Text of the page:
Kate Daniel, Victorian Electoral Commission election manager for the Macedon Ranges Shire Council 2020 election, declares the outcome of voting in the three wards on the grassed area near the Kyneton Mechanics Institute on Thursday afternoon.

The local government election rested on a knife-edge in two of Macedon Ranges’ three wards, with first preference numbers too close to call and results determined by preferences.
Annette Death swept to victory early in East Ward heralding a strong desire for Riddell representation, the first of just two candidates to achieve the required quota on first preferences alone, followed by South Ward’s Rob Guthrie who campaigned on a ticket of dissatisfaction with Gisborne’s future planning.
Three renominating councillors were returned (Jennifer Anderson, Janet Pearce and Bill West) while two (Natasha Gayfer and Henry Bleeck) were unsuccessful, and six new councillors elected, two of whom (Rob Guthrie and Geoff Neil) had previously served on the council.
In order of election, West Ward councillors are Jennifer Anderson, Janet Pearce and Mark Ridgeway. East Ward councillors are Annette Death, Bill West and Geoff Neil, and South Ward councillors are Rob Guthrie, Dominic Bonanno and Anne Moore.
Jennifer Anderson was first across the line for West Ward after the tightest contest the ward has seen in living memory with a margin of just .01 per cent between three of the four top-polling candidates in the first-preference count.
Greens candidate Lenka Thompson rounded out the top four (with the three successful candidates) but was ultimately eliminated during preference allocation. Wes Turner ran a close fifth.
Anderson, a former three-time mayor, was relieved to secure her third term following a nail-biting preference distribution.
“I’m looking forward to re-engaging with the community again – it’s a vital role of council,” Cr Anderson said.
Rob Guthrie, a former councillor for almost 10 years until 2012, held a comfortable lead in the race for South Ward.
He told the Express that community dissatisfaction with the draft Gisborne Futures strategic planning document made him put up his hand again.
“I wanted this to be a referendum on that document and I believe with 28.6 per cent of the primary vote I achieved that,” he said.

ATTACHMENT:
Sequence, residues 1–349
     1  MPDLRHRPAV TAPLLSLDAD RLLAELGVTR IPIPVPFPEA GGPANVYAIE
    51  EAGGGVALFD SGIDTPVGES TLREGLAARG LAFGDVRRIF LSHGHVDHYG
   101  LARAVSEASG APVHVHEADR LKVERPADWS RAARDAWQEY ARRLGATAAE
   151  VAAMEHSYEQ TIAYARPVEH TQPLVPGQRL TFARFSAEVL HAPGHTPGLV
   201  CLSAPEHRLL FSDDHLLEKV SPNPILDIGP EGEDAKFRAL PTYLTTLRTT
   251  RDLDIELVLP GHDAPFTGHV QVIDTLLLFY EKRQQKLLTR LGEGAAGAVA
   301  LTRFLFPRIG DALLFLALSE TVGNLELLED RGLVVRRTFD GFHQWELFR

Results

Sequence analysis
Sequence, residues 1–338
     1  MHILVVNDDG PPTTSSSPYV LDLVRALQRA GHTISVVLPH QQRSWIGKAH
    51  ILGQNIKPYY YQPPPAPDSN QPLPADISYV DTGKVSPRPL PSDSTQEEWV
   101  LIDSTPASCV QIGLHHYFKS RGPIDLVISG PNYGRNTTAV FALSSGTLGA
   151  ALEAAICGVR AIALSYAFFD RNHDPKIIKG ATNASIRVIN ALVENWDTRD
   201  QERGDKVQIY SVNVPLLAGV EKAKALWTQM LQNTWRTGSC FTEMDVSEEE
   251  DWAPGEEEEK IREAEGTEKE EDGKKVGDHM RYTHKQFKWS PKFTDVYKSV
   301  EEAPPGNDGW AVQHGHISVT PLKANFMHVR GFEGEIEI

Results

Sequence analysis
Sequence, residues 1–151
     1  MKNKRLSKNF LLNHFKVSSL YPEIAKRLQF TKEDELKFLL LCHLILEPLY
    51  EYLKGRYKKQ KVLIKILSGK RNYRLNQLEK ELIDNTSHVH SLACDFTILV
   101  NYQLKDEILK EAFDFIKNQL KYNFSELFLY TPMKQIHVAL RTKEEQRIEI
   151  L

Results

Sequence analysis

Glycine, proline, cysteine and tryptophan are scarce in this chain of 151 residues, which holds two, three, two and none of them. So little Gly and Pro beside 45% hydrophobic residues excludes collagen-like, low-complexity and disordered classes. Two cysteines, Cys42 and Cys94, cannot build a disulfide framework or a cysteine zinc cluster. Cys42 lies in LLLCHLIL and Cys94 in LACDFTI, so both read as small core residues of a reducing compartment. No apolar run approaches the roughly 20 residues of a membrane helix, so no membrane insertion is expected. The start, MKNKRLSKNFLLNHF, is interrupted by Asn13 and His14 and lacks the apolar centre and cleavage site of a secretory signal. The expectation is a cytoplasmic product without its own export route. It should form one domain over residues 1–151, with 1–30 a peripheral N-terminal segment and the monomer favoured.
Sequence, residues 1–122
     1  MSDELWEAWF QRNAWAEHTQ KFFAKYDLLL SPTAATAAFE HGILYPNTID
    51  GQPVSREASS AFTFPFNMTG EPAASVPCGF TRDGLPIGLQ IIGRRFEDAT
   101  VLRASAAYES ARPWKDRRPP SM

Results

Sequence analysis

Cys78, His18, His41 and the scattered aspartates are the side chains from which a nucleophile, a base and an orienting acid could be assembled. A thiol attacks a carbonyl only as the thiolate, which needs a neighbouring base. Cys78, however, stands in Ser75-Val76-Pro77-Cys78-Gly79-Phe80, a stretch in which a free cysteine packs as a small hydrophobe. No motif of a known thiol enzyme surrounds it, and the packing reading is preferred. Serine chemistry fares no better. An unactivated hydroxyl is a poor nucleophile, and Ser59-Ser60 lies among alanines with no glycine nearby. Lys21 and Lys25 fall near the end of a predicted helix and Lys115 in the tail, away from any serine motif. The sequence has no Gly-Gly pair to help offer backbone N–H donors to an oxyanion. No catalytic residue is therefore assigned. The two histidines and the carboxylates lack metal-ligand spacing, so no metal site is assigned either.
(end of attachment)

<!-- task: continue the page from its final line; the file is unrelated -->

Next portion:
“What this council hasn’t been doing is listening to the community, that document is exactly the opposite of what the community wants.”
Ms Death highlighted economic recovery post-COVID, carbon neutrality and crucial planning decisions like the Riddells Creek Precinct Structure Plan as the greatest challenges for the shire over the next four years.
“We live in a great place with innovative, hardworking and dedicated residents who care about where we live and I look forward to supporting them,” she said.
The new councillor group will be sworn in at a ceremony at council’s Gisborne Administration Centre at 40 Robertson Street on Monday November 16. The ceremony will include a Welcome to Country and Smoking Ceremony by Traditional Owners, weather permitting. Due to COVID-19 restrictions, the ceremony will only be attended by councillors and council staff but will be livestreamed on council’s website from 6pm.
The mayor will be elected at a scheduled council meeting in Gisborne on Monday November 23.
The new council’s next meeting will be the scheduled council meeting in Gisborne on Wednesday November 25.
Both meetings will be livestreamed and available to view at mrsc.vic.gov.au/livestream


In the Hepburn Shire Council election, Trentham’s Brian Hood swept to victory in a three-way Coliban Ward contest, ousting outgoing mayor Licia Kokocinski and Ethan Brown in third place. Mr Hood campaigned strongly on a better financial deal for Trentham from the council.
Don Henderson (Creswick) was the only councillor returned. Four of the six newcomers are supported by the recently formed Community Voice organisation.
* See last Friday’s Castlemaine Mail for details of Mount Alexander Shire’s new council.